Naipaul, who gained a knighthood to become Sir Vidia, has sharply criticised what he saw as backwardness and corruption in his native West Indies and elsewhere in the developing world from India to Africa. But in his books An Area of Darkness and India: A Wounded Civilisation Naipaul showed distaste for what he thought was intolerance, fanaticism and self-satisfaction there. In 1971, he became the first non-British author to receive Britain’s most valuable literary prize for fiction, the Booker Award, for his 11th novel In a Free State. V.S. Pritchett, once called him “the greatest living writer in the English language”. We bring to our readers a very valuable interview of Sir V S Naipaul on the Ayodhya issue.

Interviews

The basic ethos of the Shri Rama Janmabhoomi movement is to restore the honour of the Hindu Samaj (society) and Hindu culture. It is not just an issue of bricks and mortar. The renowned Vidiadhar S Naipaul has very tellingly expressed this, when he said:
What is happening in India is a new historical awakening ?. Indian intellectuals, who want to be secure in their liberal beliefs, may not understand what is going on. But every other Indian knows precisely what is happening: deep down he knows that a larger response is emerging even if at times this response appears in his eyes to be threatening.

Given the response received from the masses in India and other places in the world for the Shri Rama Janmabhoomi movement, Shri Rama is clearly at the heart of our civilization and a major unifying force. There is no section, no region, of the Hindu Samaj that does not exhibit a deep attachment to Shri Rama. This empathy is strongly exhibited not only in other lands where Hindus have settled, but also where the indigenous people accepted Hindu culture, as in the entire Southeast Asia.

To understand the true ethos of the entire Rama Janmabhoomi Movement, it would be pertinent to quote Shri Vidiadhar Naipaul, the great thinker and litterateur whose literary genius, ruthless objectivity and deep perspective of history has been acclaimed the world-over.He was interviewed by Dilip Padgaonkar published in the Times of India, on 18th July, 1993, under the caption “An area of Awakening”, and again by Rahul Singh published in Times of India on 25th January, 1998 under the caption “Hindus, Muslims have lived together without understanding each other?s faith”, and by Sadanand Menon published in The Hindu under the caption “The truth governs writing”. The portions of the three interviews relevant to this point are reproduced below:

“An area of awakening”

Interview by Dilip Padgaonkar
The Times of India,
18 July 1993.

Padgaonkar (P): The collapse of the Soviet Union and the subsequent rise of Islamic nations in Central Asia, the Salman Rushdie affair, similar harassment by fundamentalists of liberal Muslim intellectuals in India: all these factors taken together persuaded some forces to argue that a divided Hindu society cannot counteract Islamic fundamentalism.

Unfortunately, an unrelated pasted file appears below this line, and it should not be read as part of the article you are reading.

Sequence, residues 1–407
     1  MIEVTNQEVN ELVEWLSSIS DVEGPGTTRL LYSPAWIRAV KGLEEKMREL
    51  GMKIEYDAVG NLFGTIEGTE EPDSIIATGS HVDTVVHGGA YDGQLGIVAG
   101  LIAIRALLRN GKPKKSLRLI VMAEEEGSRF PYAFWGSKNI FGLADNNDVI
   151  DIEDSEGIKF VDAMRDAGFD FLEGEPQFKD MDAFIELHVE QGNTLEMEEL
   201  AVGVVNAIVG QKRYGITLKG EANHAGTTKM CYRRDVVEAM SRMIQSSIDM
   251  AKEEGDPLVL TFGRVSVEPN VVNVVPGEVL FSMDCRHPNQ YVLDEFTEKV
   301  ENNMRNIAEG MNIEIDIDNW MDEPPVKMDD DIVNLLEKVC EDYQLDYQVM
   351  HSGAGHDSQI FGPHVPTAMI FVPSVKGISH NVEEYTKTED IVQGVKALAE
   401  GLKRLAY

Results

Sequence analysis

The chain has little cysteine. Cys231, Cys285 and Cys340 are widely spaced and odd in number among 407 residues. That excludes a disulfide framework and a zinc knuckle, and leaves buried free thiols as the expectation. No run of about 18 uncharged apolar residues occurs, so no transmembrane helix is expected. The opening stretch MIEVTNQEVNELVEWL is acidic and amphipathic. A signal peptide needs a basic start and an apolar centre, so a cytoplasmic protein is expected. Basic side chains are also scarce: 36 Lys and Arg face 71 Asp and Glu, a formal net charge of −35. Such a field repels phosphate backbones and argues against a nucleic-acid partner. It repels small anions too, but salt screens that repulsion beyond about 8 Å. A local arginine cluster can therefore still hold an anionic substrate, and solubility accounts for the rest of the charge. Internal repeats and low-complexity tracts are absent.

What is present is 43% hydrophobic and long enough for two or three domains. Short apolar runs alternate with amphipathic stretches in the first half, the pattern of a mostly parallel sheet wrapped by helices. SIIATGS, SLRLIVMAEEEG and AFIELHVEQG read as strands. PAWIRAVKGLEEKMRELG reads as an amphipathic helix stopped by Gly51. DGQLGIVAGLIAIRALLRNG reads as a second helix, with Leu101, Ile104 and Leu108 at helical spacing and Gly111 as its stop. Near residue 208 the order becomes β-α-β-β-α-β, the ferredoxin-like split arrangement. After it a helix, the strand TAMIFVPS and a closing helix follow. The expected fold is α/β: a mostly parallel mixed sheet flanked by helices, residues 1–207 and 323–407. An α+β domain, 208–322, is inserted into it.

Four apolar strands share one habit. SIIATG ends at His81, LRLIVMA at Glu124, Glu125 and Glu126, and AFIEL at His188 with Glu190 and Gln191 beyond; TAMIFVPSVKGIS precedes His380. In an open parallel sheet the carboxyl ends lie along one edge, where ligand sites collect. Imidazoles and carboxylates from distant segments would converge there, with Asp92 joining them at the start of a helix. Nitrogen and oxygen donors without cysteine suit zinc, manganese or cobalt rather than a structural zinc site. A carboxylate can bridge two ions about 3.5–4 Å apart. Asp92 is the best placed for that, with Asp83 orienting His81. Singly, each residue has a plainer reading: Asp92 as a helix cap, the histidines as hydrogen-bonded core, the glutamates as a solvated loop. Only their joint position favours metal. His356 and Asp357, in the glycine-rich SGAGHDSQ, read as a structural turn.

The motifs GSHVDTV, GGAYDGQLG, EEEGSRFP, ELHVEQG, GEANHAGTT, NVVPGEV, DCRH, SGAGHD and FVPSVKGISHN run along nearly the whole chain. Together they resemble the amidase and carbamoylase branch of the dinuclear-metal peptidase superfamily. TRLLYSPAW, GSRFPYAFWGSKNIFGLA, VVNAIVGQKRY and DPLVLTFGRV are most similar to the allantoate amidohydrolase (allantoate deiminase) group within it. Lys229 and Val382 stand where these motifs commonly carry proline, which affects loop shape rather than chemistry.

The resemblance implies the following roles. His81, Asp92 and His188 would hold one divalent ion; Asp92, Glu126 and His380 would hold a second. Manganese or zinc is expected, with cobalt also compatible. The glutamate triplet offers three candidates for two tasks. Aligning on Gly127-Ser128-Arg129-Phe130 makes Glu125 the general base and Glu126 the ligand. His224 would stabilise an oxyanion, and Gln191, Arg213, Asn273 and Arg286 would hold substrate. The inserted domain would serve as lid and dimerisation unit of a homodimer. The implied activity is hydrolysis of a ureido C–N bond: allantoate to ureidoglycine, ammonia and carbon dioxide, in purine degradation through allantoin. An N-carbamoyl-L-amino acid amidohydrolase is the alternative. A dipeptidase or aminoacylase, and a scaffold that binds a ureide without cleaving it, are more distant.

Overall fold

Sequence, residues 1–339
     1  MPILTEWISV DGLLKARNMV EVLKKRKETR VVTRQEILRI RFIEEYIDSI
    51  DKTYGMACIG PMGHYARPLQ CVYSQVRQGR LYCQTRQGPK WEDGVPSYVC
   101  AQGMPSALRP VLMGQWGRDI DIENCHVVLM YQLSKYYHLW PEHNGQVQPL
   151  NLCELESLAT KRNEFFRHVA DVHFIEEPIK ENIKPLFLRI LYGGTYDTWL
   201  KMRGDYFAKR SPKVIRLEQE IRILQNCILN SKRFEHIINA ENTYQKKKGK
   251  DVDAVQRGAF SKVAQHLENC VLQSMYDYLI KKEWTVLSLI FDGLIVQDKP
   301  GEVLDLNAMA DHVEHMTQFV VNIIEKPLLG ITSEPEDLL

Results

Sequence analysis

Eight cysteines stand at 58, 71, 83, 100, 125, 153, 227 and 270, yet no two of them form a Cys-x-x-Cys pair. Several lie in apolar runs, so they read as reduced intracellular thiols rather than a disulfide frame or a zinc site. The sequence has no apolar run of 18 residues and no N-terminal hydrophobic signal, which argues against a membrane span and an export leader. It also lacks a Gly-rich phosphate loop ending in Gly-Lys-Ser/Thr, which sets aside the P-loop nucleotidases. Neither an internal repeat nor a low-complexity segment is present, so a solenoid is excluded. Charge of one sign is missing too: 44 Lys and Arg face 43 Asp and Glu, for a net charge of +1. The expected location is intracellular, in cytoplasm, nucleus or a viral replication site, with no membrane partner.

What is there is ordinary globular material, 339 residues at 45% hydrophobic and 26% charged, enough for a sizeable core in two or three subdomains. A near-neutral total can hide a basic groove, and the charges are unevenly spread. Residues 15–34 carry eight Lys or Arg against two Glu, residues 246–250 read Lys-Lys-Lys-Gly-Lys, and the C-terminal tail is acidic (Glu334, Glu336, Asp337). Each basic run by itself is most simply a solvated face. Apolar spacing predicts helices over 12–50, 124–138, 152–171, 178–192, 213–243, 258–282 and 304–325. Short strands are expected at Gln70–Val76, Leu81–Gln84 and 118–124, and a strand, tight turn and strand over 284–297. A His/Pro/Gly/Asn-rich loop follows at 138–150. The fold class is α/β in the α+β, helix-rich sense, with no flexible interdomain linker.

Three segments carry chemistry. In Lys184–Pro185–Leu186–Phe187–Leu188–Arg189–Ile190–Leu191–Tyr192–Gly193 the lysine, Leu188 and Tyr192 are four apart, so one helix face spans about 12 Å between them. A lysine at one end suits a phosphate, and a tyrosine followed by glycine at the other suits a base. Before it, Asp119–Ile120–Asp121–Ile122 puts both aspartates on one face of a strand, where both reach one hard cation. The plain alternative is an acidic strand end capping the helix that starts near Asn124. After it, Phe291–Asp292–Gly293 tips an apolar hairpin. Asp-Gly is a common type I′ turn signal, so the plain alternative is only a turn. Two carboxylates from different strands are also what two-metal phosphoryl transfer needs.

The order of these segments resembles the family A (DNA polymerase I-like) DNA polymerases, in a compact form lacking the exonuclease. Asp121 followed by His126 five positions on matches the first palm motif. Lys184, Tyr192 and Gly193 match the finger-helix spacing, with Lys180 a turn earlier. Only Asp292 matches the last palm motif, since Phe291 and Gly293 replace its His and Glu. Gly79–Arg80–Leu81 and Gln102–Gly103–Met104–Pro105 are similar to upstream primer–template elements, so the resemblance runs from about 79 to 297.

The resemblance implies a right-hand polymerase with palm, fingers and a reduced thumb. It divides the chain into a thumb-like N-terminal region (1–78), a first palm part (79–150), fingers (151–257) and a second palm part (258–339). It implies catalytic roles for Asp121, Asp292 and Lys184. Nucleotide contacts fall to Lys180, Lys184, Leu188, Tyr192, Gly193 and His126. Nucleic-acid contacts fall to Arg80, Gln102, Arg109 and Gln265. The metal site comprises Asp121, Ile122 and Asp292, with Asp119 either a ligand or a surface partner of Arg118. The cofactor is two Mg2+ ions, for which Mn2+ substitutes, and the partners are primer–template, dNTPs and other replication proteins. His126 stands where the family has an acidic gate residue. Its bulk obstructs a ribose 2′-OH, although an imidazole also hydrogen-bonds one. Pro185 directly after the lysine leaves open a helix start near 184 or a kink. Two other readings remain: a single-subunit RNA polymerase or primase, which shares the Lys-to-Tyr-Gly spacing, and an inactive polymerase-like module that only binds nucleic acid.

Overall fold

Naipaul (N): I don?t see it quite in that way. The things you mentioned are quite superficial. What is happening in India is a new, historical awakening. Gandhi used religion in a way as to marshal people for the independence cause People who entered the independence movement did it because they felt they would earn individual merit.

Today, it seems to me that Indians are becoming alive to their history. Romila Thapar?s book on Indian history is a Marxist attitude to history, which in substance says: there is a higher truth behind the invasions, feudalism and all that. The correct truth is the way the invaders looked at their actions. They were conquering, they were subjugating. And they were in a country where people never understood this.

Only now are the people beginning to understand that there has been a great vandalizing of India. Because of the nature of the conquest and the nature of Hindu society such understanding had eluded Indians before.What is happening in India is a mighty creative process. Indian intellectuals, who want to be secure in their liberal beliefs, may not understand what is going on, especially if these intellectuals happen to be in the United States. But every other Indian knows precisely what is happening: deep down he knows that a larger response is emerging even if at times this response appears in his eyes to be threatening.

However, we are aware of one of the more cynical forms of liberalism: it admits that one fundamentalism is all right in the world. This is the fundamentalism they are really frightened of: Islamic fundamentalism. Its source is Arab money. It is not intellectually to be taken seriously etc. I don?t see the Hindu reaction purely in terms of one fundamentalism pitted against another. The reaction is a much larger response?. Mohammedan fundamentalism is essentially negative, a protection against a world it desperately wishes to join. It is a last ditch fight against the world.

But the sense of history that the Hindus are now developing is a new thing. Some Indians speak about a synthetic culture: this is what a defeated people always speak about. The synthesis may be culturally true. But to stress it could also be a form of response to intense persecution.

(P): How did you react to the Ayodhya incident?

(N): Not as badly, as the others did, I am afraid. The people who say that there was no temple there are missing the point. Babar, you must understand, had contempt for the country (that) he had conquered. And his building of that mosque was an act of contempt for the country. In Turkey, they turned the Church of Santa Sophia into a mosque. In Nicosia churches were converted into mosques too. The Spaniards spent many centuries re-conquering their land from Muslim invaders. So these things have happened before and elsewhere.

In Ayodhya the construction of a mosque on a spot regarded as sacred by the conquered population was meant as an insult. It was meant as an insult to an ancient idea, the idea of Rama, which was two or three thousand years old.